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BNEF: E-buses to surge even faster than EVs; supply of cobalt potential risk to the pace of growth

The electrification of road transport will move into top gear in the second half of the 2020s, due to tumbling battery costs and larger-scale manufacturing, with sales of electric cars surging to 28%, and those of electric buses to 84%, of their respective global markets by 2030.

The latest long-term forecast from Bloomberg New Energy Finance (BNEF) shows sales of electric vehicles (EVs) increasing from a record 1.1 million worldwide last year to 11 million in 2025, and then surging to 30 million in 2030 as they establish cost advantage over internal combustion engine (ICE) cars. China will lead this transition, with sales there accounting for almost 50% of the global EV market in 2025 and 39% in 2030.


Annual global light duty vehicle sales. Source: Bloomberg New Energy Finance.

The pace of electrification in transport will vary by country, particularly over the next 12 years as some markets jump ahead of others. BNEF forecasts that in 2030, EVs will make up 44% of European light-duty vehicle sales, 41% of those in China, 34% in the U.S., and 17% in Japan. However, a shortage of charging infrastructure and a lack of affordable models will hold back the market in India, so that EVs will make up just 7% of new car sales in 2030 there.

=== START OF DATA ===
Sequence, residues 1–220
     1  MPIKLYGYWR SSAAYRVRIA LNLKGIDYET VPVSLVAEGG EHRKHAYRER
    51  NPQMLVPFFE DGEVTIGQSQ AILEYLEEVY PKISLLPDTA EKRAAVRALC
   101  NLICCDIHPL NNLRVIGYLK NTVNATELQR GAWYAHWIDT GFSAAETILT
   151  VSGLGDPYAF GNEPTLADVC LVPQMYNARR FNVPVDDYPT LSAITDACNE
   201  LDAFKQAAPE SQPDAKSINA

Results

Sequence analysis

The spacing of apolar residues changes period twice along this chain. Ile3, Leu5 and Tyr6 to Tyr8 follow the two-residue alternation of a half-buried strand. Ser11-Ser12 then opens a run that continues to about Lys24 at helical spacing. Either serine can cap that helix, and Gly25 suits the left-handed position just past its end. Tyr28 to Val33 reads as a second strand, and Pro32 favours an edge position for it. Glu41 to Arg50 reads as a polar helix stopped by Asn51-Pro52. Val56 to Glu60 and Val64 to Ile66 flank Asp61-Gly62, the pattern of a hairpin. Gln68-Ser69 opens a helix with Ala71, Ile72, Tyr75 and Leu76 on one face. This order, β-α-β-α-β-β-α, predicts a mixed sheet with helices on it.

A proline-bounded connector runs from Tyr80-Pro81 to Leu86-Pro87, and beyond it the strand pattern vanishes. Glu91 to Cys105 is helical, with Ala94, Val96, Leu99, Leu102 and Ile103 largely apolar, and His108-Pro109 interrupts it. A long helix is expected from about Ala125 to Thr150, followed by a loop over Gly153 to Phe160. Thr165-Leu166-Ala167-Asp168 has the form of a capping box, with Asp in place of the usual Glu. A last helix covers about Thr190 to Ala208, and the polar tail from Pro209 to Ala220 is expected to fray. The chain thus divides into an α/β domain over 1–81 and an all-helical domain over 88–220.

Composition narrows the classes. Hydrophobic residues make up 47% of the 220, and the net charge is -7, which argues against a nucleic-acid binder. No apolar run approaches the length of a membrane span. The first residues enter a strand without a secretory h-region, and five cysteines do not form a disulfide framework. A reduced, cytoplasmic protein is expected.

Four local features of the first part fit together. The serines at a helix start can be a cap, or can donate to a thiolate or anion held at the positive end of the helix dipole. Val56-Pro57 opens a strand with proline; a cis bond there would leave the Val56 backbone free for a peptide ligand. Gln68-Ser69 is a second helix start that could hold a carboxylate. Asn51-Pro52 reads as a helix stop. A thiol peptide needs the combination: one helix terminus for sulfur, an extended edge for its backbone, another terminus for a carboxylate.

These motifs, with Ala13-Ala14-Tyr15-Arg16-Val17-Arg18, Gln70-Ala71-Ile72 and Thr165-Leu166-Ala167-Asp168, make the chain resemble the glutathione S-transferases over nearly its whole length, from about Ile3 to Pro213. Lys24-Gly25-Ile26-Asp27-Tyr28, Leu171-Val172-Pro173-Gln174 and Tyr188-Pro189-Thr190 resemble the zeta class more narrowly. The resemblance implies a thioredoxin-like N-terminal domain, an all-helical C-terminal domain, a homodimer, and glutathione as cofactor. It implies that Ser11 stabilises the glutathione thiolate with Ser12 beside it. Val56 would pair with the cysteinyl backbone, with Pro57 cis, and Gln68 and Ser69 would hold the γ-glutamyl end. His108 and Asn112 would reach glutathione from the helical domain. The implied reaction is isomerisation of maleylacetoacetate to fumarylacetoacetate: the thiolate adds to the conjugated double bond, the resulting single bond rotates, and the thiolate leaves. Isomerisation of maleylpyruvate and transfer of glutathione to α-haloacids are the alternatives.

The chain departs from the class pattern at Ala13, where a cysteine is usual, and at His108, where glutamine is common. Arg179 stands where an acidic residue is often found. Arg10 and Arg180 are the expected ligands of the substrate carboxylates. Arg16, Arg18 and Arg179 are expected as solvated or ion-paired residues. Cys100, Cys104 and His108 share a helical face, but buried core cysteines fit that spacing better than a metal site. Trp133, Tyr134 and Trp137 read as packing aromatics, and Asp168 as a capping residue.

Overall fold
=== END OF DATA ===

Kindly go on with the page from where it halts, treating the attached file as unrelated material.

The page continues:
BNEF’s projections imply big opportunities for lithium-ion battery manufacturers. China is already dominant in this market, with a 59% global share of production capacity in 2018, and this is forecast to rise to 73% by 2021.

The number of combustion engined (ICE) vehicles sold per year (gasoline or diesel) is expected to start declining in the mid-2020s, as EVs bite hard into their market. In 2040, some 60 million EVs are projected to be sold, equivalent to 55% of the global light-duty vehicle market. Shared mobility cars will be a small but growing element.